Born in East Gadsden, Alabama on September
29, 1921, Dr. Waldo L. Cain migrated to Detroit at the
age of thirteen to live with his older brothers and
sisters. He graduated from Northern High School in 1939
and enrolled in Wayne University. He left Wayne after
three years and enrolled in Meharry Medical College
in Nashville, Tennessee. He received his medical degree
in 1945 and in 1951 completed an internship and general
surgery residency there.
to Detroit where he and his wife, Dr. Natalia Tanner-Cain,
established private practices. In addition, after being
board certified, Dr. Cain sought appointments at Grace
and Harper Hospitals in 1953 and was instrumental in
eliminating racial segregation barriers in the provision
of quality health care in Detroit.
secured a staff appointment at Grace Hospital, Dr. Cain
went into the Army for two years and returned to Grace
in 1955. Early in his career there, he quietly organized
and chaired a group of black physicians with the goal
of eliminating racial segregation in the hospital, specifically
where there was explicit discrimination against African
Americans in patient admissions.
in hand, Dr. Cain's committee challenged the unwritten
policies and demanded equitable change. The result was
an official policy change, which discontinued the use
of race as a factor in admission.
committee, which also documented the absence of black
medical staff at both Grace and Harper Hospitals, was
later instrumental in the Detroit Medical Society's
successful petition of the Detroit City Council to halt
funding on the proposed Detroit Medical Center expansion
until the hospitals demonstrated active desegregation
procedures in the early 1960s. This action resulted
in the immediate hiring of four African American certified
specialists at Harper Hospital.
appointment to the staff of Harper came as a result
of the merger of Grace and Harper Hospitals in 1968.
He was also on the staffs of several African American
proprietary hospitals, including Burton Mercy, Kirwood
General, Parkside, and Trinity Hospitals.
is a Clinical Associate Professor of Surgery at the
Wayne State University School of Medicine. He is a member
of the National Medical Association, the Detroit Medical
Society, the Michigan State Medical Society, the Wayne
County Medical Society, the Society of Military Surgeons,
the American Society of Abdominal Surgeons, and the
American College of Surgeons.
also a lifetime member of the National Association for
the Advancement of Colored People (NAACP), a member
of the Sigma Pi Phi Boule honor fraternity, and a member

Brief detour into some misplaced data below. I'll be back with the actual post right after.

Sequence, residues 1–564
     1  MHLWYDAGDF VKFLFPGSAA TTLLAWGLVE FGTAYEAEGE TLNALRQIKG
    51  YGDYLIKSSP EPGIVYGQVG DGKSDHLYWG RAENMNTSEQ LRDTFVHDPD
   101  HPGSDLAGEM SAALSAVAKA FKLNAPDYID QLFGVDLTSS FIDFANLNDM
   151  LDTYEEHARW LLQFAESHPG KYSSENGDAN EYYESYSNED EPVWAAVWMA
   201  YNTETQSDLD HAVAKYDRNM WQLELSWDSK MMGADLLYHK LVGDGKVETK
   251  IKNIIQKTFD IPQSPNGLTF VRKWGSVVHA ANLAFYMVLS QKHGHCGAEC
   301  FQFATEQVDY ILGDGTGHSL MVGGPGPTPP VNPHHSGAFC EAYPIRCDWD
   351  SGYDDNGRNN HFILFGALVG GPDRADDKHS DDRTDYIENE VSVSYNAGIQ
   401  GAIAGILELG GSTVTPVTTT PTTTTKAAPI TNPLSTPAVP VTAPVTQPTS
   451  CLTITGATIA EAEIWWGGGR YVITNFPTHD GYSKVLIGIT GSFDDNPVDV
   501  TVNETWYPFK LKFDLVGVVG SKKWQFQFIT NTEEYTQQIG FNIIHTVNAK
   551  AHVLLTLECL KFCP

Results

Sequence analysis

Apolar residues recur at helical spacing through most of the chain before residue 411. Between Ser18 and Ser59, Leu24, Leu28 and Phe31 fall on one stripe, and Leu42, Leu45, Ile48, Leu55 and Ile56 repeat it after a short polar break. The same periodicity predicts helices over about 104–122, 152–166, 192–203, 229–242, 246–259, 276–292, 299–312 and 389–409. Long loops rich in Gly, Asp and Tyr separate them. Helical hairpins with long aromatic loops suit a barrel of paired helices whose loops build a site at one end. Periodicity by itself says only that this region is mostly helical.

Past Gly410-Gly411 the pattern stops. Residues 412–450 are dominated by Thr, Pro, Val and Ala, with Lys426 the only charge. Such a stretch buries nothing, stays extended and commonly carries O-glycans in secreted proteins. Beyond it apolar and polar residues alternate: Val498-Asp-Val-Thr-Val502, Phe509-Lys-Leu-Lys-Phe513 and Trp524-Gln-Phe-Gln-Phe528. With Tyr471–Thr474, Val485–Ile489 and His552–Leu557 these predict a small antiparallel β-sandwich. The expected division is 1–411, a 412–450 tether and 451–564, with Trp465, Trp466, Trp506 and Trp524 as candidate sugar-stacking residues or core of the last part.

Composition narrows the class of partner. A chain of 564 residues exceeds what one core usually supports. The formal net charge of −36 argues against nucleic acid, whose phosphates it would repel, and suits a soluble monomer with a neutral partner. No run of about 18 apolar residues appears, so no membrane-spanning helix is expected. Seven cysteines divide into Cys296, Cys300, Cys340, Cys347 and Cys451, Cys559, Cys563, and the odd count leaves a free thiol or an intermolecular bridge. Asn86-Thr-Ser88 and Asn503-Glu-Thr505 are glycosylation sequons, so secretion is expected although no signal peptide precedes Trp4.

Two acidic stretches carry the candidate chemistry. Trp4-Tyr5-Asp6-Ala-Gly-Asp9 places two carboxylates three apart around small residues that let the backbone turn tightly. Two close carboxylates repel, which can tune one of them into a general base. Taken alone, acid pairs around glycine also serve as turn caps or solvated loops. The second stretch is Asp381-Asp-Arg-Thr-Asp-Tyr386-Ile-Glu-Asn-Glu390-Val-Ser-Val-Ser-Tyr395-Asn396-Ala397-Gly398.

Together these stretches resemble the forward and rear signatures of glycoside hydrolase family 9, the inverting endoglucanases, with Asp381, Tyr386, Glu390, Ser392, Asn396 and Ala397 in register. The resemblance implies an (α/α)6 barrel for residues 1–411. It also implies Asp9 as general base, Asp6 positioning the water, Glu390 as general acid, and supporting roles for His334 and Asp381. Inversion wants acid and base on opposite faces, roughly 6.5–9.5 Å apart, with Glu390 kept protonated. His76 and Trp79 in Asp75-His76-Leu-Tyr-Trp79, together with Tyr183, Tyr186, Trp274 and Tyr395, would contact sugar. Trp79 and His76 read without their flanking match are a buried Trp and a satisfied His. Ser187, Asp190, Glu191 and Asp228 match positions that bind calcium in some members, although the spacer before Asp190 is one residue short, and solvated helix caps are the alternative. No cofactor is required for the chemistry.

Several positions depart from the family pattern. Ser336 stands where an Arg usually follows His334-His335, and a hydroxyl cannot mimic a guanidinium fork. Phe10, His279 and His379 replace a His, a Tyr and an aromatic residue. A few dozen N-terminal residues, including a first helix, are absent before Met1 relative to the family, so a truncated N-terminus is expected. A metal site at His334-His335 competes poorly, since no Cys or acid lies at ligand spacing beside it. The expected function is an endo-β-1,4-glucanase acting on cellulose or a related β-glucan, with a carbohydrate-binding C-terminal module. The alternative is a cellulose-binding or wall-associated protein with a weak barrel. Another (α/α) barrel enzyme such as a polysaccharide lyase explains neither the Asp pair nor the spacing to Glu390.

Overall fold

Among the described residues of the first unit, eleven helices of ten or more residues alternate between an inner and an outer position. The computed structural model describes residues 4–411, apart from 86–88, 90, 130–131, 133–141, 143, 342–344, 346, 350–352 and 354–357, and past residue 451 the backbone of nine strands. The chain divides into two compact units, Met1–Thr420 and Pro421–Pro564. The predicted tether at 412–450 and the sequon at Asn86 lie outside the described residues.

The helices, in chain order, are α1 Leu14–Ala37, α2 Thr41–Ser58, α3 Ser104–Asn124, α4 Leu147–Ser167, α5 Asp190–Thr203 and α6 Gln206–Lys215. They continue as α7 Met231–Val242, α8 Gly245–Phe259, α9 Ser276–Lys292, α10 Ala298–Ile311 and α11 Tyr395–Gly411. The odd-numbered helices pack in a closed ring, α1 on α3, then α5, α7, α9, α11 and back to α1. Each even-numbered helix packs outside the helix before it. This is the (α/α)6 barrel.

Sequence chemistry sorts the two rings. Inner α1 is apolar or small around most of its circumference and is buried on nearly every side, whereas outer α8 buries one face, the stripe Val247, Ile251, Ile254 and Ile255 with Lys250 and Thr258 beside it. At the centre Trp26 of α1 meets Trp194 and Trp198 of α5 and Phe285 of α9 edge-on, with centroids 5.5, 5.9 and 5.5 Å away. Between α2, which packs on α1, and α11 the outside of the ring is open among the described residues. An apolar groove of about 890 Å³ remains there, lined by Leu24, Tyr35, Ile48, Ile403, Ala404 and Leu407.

of the Alpha Omega Alpha honor society.
African American physicians pressured the hospitals
via civil rights groups, the Detroit Medical Society
(an organization of African American physicians
and the Detroit affiliate of the National Medical
Society), and congressional representatives and
forced the hospitals to begin to reform. The following
excerpt from Dr. Cain further illuminates these
order to build the Medical Center, they had to
condemn a lot of property, all around those hospitals
down there, in the so-called medical corridor.
This is later, in the mid 60s?
Yes. In order to get [permission], they had to
go to the City Council to get approval. We had
one black councilman, Bill Patrick. We went to
Bill Patrick and told him what the situation was
regarding patient placement and intern resident
training, and staff appointments, because at this
time they still had no black staff at Harper.
The City Council passed a resolution to the effect
that no land would be condemned for building of
the proposed medical center until the, "corridor
hospitals" demonstrated some active evidence of
desegregation in all areas. And that's what changed
Who was "we"?
Oh, Ethlene Crockett, Tom Batchelor, Bill Goins,
Arthur Harris, Arthur Boddie, Melvin Fowler, Charles
Wright. That's all I can think of now. How many
is that? We probably had about eight or ten.
But it was really a united effort.
Oh, yes, it was everybody. Everybody who was on
the staff participated in this thing.
Everybody that was on the staff of Grace.
Yes, Grace participated in this, and the only
reason they singled me out is because I was chairman
of the committee. But anyway, they passed the
resolution, overnight, and I mean literally overnight,
we had four guys who became qualified to be on
the staff at Harper, who'd had their applications
in and been rejected years before. But overnight
Harper...as a matter, of fact, Tom Flake told
me that somebody brought his application down
to him. Tom Flake had applied and was working
down at Detroit Memorial Hospital and they brought
the application down to him for him to reapply
at Harper. Harper took one general surgeon, one
OB/GYN, one pediatrician, and one intern, just
like that. These guys who were all board certified
and who had applied to Harper, maybe years or
months before, and been rejected.
[I see.] So that was Tom Flake [MD]? And he was
in [what specialty]?
He was a general surgeon. He's the father of one
of my junior partners now. Tom Flake. Bill Gibson
was the cardiologist, Jim Collins was the pediatrician,
and Addison Prince was the obstetrician. Those
four guys. They're all board certified in their
disciplines, and they'd been rejected. All of
a sudden, they all became qualified when the council
passed that resolution. All of a sudden, Harper
and Grace started taking black nursing students.
Had none before that time.